By Gary M. Singer
(MCT)—Two weeks ago, I wrote about mistakes sellers make to kill short sales. Buyers also end up ruining these deals or making things more difficult than they need to be. Here’s what they need to avoid:
Not doing enough research on the seller and the mortgage before you commit. Are the husband and wife getting a divorce? If so, will both spouses stay cooperative all the way through? Do they have two mortgages, which will make the negotiations with the bank more difficult? If you sense the deal could drag on longer than a few months, find another house.
Failing to check up on the seller’s representative who will negotiate with the bank. The key to completing a short sale is checking in with the bank at least weekly. Otherwise, the case will stall because the lender likely has thousands of other short sales to consider. This short sale probably isn’t the only one your seller’s rep is negotiating. So don’t be shy about insisting on regular updates.
Being too picky on price. If you are trying to get the deal of the century and the bank wants a little more money, it probably makes sense to kick in the extra cash. There’s no use in walking away from a steal just because you have to pay a little more. That’s the kind of thing buyers tend to regret later.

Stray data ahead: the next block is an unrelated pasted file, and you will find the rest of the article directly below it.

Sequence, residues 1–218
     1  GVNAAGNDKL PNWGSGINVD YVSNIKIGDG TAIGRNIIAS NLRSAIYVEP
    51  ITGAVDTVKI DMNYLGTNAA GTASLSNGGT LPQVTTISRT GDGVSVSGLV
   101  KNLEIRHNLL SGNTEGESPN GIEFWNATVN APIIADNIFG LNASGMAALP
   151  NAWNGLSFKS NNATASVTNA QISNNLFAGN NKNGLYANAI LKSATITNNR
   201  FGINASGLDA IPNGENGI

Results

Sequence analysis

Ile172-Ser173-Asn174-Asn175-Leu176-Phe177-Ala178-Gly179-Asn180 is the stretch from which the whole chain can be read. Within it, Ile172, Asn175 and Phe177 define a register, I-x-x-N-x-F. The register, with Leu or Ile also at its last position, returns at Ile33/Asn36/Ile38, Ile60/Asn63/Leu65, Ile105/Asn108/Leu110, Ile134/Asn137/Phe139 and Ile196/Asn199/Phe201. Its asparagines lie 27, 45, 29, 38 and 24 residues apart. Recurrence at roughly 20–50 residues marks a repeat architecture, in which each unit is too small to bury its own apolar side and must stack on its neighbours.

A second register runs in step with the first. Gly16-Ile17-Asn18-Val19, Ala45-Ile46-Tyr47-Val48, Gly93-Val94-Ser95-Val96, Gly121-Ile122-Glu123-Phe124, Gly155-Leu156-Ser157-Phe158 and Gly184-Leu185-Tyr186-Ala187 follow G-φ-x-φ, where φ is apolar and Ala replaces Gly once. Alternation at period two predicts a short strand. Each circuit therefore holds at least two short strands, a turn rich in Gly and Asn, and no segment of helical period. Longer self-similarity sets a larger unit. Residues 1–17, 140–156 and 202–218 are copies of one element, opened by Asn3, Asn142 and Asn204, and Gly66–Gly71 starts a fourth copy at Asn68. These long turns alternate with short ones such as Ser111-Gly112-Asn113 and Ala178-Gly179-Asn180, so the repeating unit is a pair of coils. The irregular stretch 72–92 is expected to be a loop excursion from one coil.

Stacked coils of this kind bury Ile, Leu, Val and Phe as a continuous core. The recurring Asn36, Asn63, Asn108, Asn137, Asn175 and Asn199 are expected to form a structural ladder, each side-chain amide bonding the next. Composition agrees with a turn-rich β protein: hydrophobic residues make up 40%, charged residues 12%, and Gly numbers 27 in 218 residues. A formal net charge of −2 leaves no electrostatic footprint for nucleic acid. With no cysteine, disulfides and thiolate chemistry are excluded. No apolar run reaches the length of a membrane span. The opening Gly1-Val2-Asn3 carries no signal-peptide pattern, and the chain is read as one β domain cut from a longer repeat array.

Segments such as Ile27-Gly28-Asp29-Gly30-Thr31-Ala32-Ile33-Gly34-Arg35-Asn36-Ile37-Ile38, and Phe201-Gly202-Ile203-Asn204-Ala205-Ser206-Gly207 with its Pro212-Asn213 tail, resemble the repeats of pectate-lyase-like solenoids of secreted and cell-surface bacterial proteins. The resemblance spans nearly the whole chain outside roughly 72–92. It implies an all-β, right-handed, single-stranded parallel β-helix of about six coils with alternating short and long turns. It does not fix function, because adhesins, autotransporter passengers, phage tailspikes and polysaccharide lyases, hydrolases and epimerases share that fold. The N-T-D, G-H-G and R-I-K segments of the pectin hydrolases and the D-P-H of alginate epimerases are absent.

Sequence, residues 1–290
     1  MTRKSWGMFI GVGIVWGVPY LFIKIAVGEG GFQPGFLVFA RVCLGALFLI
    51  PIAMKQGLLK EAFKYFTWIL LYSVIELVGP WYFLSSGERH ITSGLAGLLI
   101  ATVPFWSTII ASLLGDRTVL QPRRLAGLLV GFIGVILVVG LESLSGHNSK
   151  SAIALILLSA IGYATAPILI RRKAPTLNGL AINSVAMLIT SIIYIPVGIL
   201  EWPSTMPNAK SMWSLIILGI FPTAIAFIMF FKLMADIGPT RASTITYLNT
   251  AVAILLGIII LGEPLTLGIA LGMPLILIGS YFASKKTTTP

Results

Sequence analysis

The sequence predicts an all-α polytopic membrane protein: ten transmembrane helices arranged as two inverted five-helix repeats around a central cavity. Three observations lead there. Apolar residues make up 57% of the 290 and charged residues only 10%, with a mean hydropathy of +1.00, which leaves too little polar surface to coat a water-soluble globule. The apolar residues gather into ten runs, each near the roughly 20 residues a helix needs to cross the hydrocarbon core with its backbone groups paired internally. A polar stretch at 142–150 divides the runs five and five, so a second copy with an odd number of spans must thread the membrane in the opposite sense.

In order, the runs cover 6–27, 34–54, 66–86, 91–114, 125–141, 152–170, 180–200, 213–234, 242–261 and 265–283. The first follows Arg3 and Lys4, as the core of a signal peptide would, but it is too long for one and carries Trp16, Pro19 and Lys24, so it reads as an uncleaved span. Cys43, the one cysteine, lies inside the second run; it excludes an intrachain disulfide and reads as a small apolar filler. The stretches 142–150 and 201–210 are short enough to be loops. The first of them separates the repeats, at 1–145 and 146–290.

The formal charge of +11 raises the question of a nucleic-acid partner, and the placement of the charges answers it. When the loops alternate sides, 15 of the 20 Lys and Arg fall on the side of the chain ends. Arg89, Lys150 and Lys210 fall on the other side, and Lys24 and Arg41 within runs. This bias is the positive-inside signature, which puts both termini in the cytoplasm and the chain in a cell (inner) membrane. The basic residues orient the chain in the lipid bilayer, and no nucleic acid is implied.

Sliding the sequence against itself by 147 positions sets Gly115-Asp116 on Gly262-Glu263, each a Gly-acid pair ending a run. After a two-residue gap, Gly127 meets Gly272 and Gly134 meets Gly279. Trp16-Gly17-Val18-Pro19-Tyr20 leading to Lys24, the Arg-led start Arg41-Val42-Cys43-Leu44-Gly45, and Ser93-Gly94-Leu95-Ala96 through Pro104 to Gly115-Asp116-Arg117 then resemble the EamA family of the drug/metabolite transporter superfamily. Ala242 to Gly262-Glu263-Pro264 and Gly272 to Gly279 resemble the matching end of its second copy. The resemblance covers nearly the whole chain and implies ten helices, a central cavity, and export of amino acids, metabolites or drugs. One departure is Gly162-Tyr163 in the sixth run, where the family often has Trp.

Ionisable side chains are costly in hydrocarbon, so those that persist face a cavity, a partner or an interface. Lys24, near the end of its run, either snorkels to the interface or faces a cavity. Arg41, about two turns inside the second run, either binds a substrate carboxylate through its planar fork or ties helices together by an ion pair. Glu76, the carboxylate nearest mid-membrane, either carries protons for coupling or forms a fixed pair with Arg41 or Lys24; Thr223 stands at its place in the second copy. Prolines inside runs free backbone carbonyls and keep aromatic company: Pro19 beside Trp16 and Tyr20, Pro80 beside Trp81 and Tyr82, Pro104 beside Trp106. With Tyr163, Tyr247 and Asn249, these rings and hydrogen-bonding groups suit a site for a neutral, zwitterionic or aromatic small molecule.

Spending money before you have to. After you sign the contract and wait for the bank’s approval, don’t start ordering inspections and appraisals and applying to the homeowner’s association. If the deal doesn’t go through, you’ll be out that money and very unhappy.
Getting caught flat-footed on your own mortgage. Once the seller’s lender accepts your offer, it likely will want to close within a month or two. That could be a problem if you don’t have your loan approved. There’s plenty of time to get that done while the seller’s bank is considering your offer.
Gary M. Singer is a Florida attorney and board-certified as an expert in real estate law by the Florida Bar.
©2012 the Sun Sentinel (Fort Lauderdale, Fla.)
Distributed by MCT Information Services
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